Early in the Fall of 1847, we hired two boats of Dr. McLoughlin, and four Kanaka boat men. We loaded our effects, wagons, ox yokes and bedding, on the boats at Oregon City. We went down the Willamette to the Columbia River, down the Columbia to the mouth of the Cowlitz and up the Cowlitz to Cowlitz Landing-thirty miles.
It was fine boating until we came to the rapids on the Cowlitz River. That was hard work and slow traveling. We had to use the tow-line a great deal and go from one side of the river to the other to take advantage of the eddies and shallow waters, so that we could use the long poles and push the boats up the stream. Our boats were heavily laden and for about fifteen miles we used the poles and tow line, the water being too swift to use the oars.
There was a great quantity of salmon in the river. We had all we wanted, and cooked it Indian fashion. This was to dress the fish, run a stick through it and place the stick in the ground close to the fire, and as the fish cooked, turn it so that it would bake evenly. We always left the scales on till it was cooked. After working hard all day, it was fine-we thought, delicious.
We arrived at Cowlitz Landing after twenty days of travel, the only accident on the trip being the loss of a rifle, a considerable loss in those days, too. In making the trip to Cowlitz Landing, we started the hands with the stock, horses and cattle, to cross the Columbia. All were ferried over at Fort Vancouver; then they were driven down the river to Lewis River, where they were ferried over this stream, following down the Columbia to the mouth of the Cowlitz.
They were then driven up the Cowlitz and swam across the south fork. When they reached the Cowlitz Landing, they swam the stock to the north side of the river and waited for the boats. This landing is at the lower end of Cowlitz Prairie which prairie was settled by the Canadian French and is a fine farming country. The Hudson Bay Company and the Catholic Mission each had fine farms there. We rented twenty acres of land from the Catholic Mission and a like number of acres from John R. Jackson, and put in a crop of winter wheat.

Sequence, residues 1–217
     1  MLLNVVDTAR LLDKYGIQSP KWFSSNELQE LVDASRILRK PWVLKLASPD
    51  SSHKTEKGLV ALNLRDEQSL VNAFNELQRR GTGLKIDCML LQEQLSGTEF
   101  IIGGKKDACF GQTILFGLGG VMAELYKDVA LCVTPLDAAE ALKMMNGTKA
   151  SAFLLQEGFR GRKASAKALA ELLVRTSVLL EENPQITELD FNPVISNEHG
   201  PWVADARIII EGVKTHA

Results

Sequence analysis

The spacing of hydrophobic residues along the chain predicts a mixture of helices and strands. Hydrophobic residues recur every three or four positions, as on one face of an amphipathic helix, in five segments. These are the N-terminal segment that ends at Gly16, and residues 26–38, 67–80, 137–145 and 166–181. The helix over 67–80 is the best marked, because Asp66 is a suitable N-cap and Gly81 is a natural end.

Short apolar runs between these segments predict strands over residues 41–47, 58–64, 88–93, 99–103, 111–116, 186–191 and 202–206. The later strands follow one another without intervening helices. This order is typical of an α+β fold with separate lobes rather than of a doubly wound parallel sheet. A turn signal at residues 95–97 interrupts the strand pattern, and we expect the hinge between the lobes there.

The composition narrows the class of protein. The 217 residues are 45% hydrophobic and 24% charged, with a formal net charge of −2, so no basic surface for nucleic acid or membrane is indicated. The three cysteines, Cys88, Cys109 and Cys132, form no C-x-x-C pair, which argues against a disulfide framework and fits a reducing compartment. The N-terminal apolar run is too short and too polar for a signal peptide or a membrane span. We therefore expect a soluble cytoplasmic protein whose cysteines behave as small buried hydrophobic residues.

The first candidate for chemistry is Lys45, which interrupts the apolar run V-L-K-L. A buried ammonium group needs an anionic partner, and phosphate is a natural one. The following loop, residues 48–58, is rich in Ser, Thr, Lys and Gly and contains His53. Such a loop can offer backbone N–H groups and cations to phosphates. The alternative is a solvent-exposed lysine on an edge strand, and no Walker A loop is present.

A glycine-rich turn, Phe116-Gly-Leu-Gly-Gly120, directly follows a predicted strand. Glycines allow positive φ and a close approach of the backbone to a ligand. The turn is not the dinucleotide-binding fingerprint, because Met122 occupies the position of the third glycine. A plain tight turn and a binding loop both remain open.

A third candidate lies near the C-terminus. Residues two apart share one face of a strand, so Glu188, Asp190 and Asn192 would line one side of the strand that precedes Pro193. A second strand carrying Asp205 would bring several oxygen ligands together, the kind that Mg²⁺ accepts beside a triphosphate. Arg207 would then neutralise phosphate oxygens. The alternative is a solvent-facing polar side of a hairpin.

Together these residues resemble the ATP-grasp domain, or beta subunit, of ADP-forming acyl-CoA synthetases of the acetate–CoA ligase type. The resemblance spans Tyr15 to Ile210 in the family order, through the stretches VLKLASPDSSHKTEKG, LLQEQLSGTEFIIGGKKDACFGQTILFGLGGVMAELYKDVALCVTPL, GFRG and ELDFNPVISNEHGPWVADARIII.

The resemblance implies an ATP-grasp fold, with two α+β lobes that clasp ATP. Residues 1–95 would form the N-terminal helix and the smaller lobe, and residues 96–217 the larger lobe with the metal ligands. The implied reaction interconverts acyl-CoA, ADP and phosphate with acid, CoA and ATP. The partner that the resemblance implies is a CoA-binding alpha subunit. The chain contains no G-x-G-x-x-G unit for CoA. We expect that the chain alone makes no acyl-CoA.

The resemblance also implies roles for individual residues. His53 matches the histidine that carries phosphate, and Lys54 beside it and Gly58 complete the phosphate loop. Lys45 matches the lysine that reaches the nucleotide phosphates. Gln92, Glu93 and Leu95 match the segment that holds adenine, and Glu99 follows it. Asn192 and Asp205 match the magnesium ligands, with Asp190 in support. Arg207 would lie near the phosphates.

When the crop was in, we left the stock needed to haul our wagons to the prairie (Chambers), which we had selected for our future home, and started to drive the remainder of the stock through. We drove them over Mud Mountain, or Mud Hill-all the first settlers traveled this way, and we crossed the Des Chutes about two miles above Tumwater.
There was an Indian trail from Bush Prairie to Chambers Prairie.
Then we went back to Sounder's Bottom and completed the wagon road around Mud Hill. This hill is east of Chehalis. There was one family living there at that time. We prospected and blazed out a road. We found trees on the banks of a creek that suited us for making a bridge. We built the bridge and cut out the wagon road through Saunders Bottoms distance of three miles.
The creek's source was from Mud Mountain and the banks were steep and muddy and could not be crossed without a bridge. We then came to New Market, one of the first settlements at Tumwater. The men of this settlement turned out and all helped to cut -a wagon road to Chambers' Prairie, a distance of three and a half miles.
The old settlers here were glad to see new comers and they were ready and willing to help us. What they had they were willing to share with us. They were much pleased when they learned that we had sieve wire, for they had no bolting cloth for their small grist mill.
They thought it a fine thing to have sieve wire so they could take the bran out of their flour. On the prairie we built a log house of two rooms, the smaller we used for a kitchen and the larger was curtained off into bed rooms. We then went for the family and brought them over. We stayed a few days, visiting Mr. Simmons' family.
We crossed our wagons on boats, when the tide was in, below the lower falls of the Des Chutes . When the tide was out we drove our work cattle across Budd's Inlet and then drove oat five miles to our future home. The fifteenth of December, 1847, we took our first dinner at our home on Chambers' Prairie.
Here our stock had plenty of grass and wintered well, so they were fat in February. We butchered a one beef and had plenty of tallow to make candles. Mother had brought enough candle wicking to do several years. The candles were a great -improvement on the old iron lamp in which we had to burn hog's lard. This lamp was made with a short spout for the wick to lie in and one end of the wick came out of this spout to burn.